Abigail Pogrebin, author of “My Jewish Year: 18 Holidays, One Wondering Jew,” embarked on a year of research and writing about every Jewish ritual, fast and festival in one Jewish year. In a book infused with humorous details, Pogrebin imparts the wisdom of more than 60 rabbis she interviewed. In conversation with Rabbi Ed Feinstein of Valley Beth Shalom. 7:30 p.m. $10. Burton Sperber Jewish Community Library, American Jewish University, 15600 Mulholland Drive, Bel Air. (310) 476-9777. wcce.aju.edu
“RUSSIAN ROULETTE” AUTHOR
Investigative journalist Michael Isikoff, co-author of “Russian Roulette: The Inside Story of Putin’s War on America and the Election of Donald Trump,” shares his conclusions about Russia’s interference in the 2016 presidential election. The book, which he wrote with journalist David Corn, argues that the attempted sabotage of American democracy brought Trump to the presidency. 7:30 p.m. $20, admission; $42, book and admission. Temple Emanuel of Beverly Hills, 8844 Burton Way, Beverly Hills. (310) 288-3737. writersblocpresents.com.
TUE APRIL 24
“MAIMONIDES AND THE MERCHANTS”
The advent of Islam in the seventh century brought profound economic changes to Jews living in the Middle East. The Talmud, written in and for an agrarian society, was in many ways ill-equipped for the new economy. Not previously noticed, however, in the Mishneh Torah, Maimonides made efforts to update the halachah to make it conform with Jewish merchant practices. Author Mark R. Cohen talk about his book, “Maimonides and the Merchants: Jewish Law and Society in the Medieval Islamic World.” Cohen is a professor emeritus at Princeton University. Sponsored by the UCLA Alan D. Leve Center for Jewish Studies. Free and open to the public. 4-6 p.m. UCLA Royce Hall, Room 314, 10745 Dickson Court, Los Angeles. (310) 267-5327. firstname.lastname@example.org.
“LEONARD BERNSTEIN AT 100”
On the centennial of composer Leonard Bernstein’s birth, the Skirball Cultural Center presents an exhibition celebrating the life and work of the great American composer and conductor who dedicated his life to making classical music a vibrant part of American culture. The Grammy- and Tony Award-winning Bernstein (1918–1990) wrote landmark scores for musical theater (“West Side Story,” “Candide”) and film (“On the Waterfront”). Organized by the Grammy Museum and curated by its founding executive director and renowned music historian, Robert Santelli. Through Sept. 2. Included with museum admission. Skirball Cultural Center, 2701 N. Sepulveda Blvd., Los Angeles. (310) 440-4500. skirball.org.
DEEPER LOOK AT THE EXODUS
Inspired and educated by her father, who headed a rabbinical court in the United Kingdom, Avivah Gottlieb Zornberg, a lifetime Torah scholar, discusses her book “Exodus: Narrative or Anti-Narrative?” The London-born former National Jewish Book Award winner has taught Torah in Jerusalem for 30 years. 6 p.m. dinner, 7:30 p.m. lecture. $15, lecture. $40, dinner and lecture. UCLA Hillel, 574 Hilgard Ave., Los Angeles. (310) 208-3081, ext. 108. hillelatucla.wufoo.com.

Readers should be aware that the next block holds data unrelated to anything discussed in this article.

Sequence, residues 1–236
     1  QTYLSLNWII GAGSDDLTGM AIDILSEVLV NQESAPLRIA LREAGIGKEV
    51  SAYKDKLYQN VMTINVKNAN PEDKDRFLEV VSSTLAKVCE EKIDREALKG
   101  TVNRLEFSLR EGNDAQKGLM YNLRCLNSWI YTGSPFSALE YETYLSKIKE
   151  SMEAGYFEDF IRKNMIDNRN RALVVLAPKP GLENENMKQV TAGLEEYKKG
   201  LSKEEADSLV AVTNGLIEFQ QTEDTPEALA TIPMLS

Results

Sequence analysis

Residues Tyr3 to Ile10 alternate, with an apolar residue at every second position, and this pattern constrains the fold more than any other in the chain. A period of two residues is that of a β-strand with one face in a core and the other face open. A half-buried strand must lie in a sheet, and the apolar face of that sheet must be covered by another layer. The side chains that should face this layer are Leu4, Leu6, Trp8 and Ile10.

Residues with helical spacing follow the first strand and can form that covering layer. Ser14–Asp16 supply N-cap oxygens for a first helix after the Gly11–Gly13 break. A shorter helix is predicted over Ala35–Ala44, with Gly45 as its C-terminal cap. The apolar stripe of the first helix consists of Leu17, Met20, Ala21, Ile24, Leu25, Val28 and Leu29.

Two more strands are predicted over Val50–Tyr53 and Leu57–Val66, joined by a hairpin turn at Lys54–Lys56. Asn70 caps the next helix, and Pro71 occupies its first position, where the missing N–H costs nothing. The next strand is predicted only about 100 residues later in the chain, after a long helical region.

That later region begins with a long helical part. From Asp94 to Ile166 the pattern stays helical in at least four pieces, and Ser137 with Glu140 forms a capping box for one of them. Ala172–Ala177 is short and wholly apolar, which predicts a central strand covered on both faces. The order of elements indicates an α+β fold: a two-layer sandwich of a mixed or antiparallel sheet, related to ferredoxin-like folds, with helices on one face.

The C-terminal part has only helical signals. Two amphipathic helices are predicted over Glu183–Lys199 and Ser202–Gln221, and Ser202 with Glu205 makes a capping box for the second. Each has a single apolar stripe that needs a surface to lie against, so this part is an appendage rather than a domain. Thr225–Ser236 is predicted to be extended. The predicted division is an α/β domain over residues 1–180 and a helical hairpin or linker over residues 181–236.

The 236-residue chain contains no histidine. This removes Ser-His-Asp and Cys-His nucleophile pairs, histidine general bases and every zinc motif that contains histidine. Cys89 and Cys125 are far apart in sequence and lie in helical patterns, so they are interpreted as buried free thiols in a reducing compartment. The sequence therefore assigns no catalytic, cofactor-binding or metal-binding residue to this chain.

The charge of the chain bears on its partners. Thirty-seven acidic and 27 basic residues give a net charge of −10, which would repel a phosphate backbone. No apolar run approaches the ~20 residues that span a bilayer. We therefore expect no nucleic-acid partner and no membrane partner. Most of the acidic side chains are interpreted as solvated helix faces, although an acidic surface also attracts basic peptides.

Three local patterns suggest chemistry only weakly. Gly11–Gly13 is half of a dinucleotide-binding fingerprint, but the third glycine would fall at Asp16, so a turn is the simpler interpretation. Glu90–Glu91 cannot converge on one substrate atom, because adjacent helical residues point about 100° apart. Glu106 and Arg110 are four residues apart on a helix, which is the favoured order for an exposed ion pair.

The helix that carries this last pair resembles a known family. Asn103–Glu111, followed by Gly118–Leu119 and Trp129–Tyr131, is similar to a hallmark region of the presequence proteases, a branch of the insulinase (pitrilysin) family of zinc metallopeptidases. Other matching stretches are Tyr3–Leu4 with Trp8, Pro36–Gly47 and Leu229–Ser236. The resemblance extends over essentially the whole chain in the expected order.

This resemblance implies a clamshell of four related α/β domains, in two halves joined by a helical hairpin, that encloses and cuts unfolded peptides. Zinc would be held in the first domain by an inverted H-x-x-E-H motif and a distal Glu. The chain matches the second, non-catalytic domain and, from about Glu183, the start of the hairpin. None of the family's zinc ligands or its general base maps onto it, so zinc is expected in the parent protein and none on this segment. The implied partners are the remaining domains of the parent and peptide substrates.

“ISRAEL AS A JEWISH DEMOCRACY”
Tal Becker, a renowned expert in Israeli political thought, delivers an informative, measured and scholarly lecture on “Israel as a Jewish Democracy: A Conversation Through Case Studies.” He discusses the idea of Israel as a Jewish and democratic state, using case studies taken from the headlines, and explores the complex relationship between these two aspirations. 7:45 p.m. Shalhevet High School, 910 S. Fairfax Ave., Los Angeles. (323) 930-9333. shalhevet.org.
WED APRIL 25
THE LOS ANGELES JEWISH FILM FESTIVAL
From saluting the late entertainment giant Sammy Davis Jr., in “Sammy Davis Jr.: I’ve Gotta Be Me,” on opening night, to celebrating living icons past 90 years old in “If You’re Not in the Obit, Eat Breakfast” on closing night, the Los Angeles Jewish Film Festival celebrates the tapestry of Jewish experience. Old friends of Davis, including “Laugh-In” creator George Schlatter, actor Tom Dreesen and Davis’ son Manny appear onstage for the Los Angeles premiere of the opening film. Then, over eight days at Laemmle theaters across Los Angeles, the festival showcases films from around the world, including “Seeing Allred,” featuring an in-person appearance by Gloria Allred, and “A Midsummer Night’s Dream,” the 1935 classic that captured two Academy Awards. On April 28, actor Hal Linden accepts the Marvin Paige Hollywood Legacy Award before the world premiere of his new film, “The Samuel Project,” at Laemmle’s Music Hall, Beverly Hills. On April 29, David Suissa, publisher and editor-in-chief of the Jewish Journal, receives the Visionary Award ahead of the North American premiere of the Israeli television series “Commandments.” Through May 2. Opening night: 7:15 p.m., $40. Ahrya Fine Arts Theatre, 8556 Wilshire Blvd., Beverly Hills. (800) 838-3006. lajfilmfest.org.
“ISRAEL AND DIASPORA”
Daylong conference “Israel and Diaspora: Peoplehood in Crisis?” marks Israel’s 70th birthday by exploring how to develop a compelling narrative that holds Jews from different backgrounds, beliefs and politics together in a meaningful way. Key speakers include Yehuda Kurtzer, president of the Shalom Hartman Institute of North America; Tal Becker, a research fellow at the Shalom Hartman Institute and Jewish Journal Senior Writer Danielle Berrin. Light breakfast and lunch included. 9 a.m.-3 p.m. $36 general, $18 students. UCLA Hillel, 574 Hilgard Ave., Los Angeles. shalomhartman.org/laiengage18.